Unconventional advocates

Saturday, April 12, 2008
Photos by Justin Messner/Herald-Tribune One of two dozen bikers taking part in an advocacy event in early April, "Dawg," who did not otherwise identify himself, pulls in for a break on the outskirts of Nevada. The group was on its way to support a crime victim in Bates County, but did not disclose any details as to the exact location of their mission. Privacy is paramount in the group's activities.

A local group with national and even international reachings has set out to destroy stereotypes and misconceptions by utilizing their intimidating and gruff appearances in a very positive way.

Bikers Against Child Abuse refers to itself as a body of bikers who promote the protection and empowerment of abused children.

The group -- now several thousand strong spanning the United States, Australia and more recently Germany -- began in Utah with a 27 motorcycle ride in 1995 when an 8-year-old child was attacked and so fearful of the perpetrator he refused to leave his home. The founder, a clinical psychologist practicing at the University of Utah who goes by the name Chief, decided to include the young child in his biker circle offering the confidence and protection to overcome his fears. It was not long before word spread and other biker groups in Utah, Oklahoma and Texas followed Chief's footsteps resulting in the creation of BACA. BACA patched its first Missouri chapter in 1998.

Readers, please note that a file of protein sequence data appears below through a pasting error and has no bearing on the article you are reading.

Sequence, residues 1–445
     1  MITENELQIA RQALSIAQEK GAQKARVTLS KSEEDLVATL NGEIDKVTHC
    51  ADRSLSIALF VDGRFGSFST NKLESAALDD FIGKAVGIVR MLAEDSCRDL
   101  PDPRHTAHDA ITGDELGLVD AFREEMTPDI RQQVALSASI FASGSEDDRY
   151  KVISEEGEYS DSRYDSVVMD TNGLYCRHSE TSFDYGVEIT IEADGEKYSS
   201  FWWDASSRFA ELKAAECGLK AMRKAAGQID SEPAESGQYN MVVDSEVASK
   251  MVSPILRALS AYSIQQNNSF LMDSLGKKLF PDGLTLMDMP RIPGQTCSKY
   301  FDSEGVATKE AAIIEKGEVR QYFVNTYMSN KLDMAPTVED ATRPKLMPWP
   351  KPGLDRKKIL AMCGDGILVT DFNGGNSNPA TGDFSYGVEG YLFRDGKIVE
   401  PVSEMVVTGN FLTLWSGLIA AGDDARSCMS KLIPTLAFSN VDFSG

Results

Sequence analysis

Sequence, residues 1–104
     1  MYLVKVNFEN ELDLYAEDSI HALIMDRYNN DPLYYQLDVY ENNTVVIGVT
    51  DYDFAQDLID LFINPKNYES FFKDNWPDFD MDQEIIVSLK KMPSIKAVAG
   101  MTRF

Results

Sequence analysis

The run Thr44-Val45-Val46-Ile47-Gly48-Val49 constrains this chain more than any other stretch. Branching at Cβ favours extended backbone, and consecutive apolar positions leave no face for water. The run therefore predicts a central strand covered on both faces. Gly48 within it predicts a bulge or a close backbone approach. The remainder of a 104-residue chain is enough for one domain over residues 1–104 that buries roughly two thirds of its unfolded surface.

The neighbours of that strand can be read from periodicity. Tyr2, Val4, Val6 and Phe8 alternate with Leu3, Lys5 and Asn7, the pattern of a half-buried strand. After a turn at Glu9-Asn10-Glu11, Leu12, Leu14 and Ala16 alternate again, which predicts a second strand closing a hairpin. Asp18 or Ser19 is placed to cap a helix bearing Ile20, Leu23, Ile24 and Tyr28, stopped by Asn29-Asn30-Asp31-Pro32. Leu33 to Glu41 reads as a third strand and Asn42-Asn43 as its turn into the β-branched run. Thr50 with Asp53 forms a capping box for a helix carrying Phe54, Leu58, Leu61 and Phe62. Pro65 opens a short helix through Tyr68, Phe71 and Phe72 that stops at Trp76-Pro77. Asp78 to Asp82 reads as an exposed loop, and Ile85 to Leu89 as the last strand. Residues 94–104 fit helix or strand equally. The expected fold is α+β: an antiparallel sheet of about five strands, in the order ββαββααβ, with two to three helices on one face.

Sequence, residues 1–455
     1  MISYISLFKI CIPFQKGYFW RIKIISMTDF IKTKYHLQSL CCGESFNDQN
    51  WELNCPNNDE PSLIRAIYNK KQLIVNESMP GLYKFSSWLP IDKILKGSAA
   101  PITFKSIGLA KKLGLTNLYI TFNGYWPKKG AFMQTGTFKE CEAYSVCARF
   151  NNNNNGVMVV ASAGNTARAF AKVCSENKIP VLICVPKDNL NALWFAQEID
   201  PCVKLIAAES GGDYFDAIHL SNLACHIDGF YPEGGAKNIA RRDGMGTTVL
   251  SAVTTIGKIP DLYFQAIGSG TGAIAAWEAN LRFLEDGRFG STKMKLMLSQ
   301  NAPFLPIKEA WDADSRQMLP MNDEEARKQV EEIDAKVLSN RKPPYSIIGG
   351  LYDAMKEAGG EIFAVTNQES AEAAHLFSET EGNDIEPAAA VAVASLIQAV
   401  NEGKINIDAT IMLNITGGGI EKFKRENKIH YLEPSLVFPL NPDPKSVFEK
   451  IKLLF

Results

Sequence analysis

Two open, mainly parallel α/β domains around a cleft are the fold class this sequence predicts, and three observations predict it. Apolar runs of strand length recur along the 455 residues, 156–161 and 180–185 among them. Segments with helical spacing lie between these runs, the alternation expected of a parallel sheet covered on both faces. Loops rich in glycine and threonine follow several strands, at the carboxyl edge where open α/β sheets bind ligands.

In July of 2006, BACA reached Southwest Missouri with the official patching of the West Central Missouri Chapter based out of Lamar. This chapter originated with six members; one being a man named "Stubby," who is now the chapter's president. After just under two years the group has more than tripled in size with about 20 patched members and boasts approximately 100 supporters.

BACA operates as an "extension to the abused child's family" by providing liaisons to assist the children in any way possible. This includes; escorting them to their court hearings, speaking to them over the phone and visiting with them in person. According to Stubby, the intimidating physical traits of the bikers are a tactic not a threat. He said, "As rough and mean as they all look, that's just a persona that they put on. When it comes to the kids, they're all just big teddy bears. And, they would give up everything for any one of them."

To say the West Central chapter is the first in the area would be inaccurate, according to Stubby, since BACA bylaws state there are no jurisdictions for the organization. "There are no boundaries in BACA," he said. "If St. Louis chapter called me I would go help them. I have contacts in Oklahoma, Kansas, all over the area. All I would have to do is put in one hotline call and I would have all the support I need."

There are four phases to BACA's intervention in a child abuse case. These phases range from, a group ride to the abused child's home inducting the child into the biker family to requesting the general location of the child's perpetrator, making a ride to their neighborhood and going door-to-door, telling residents who they are and what they do.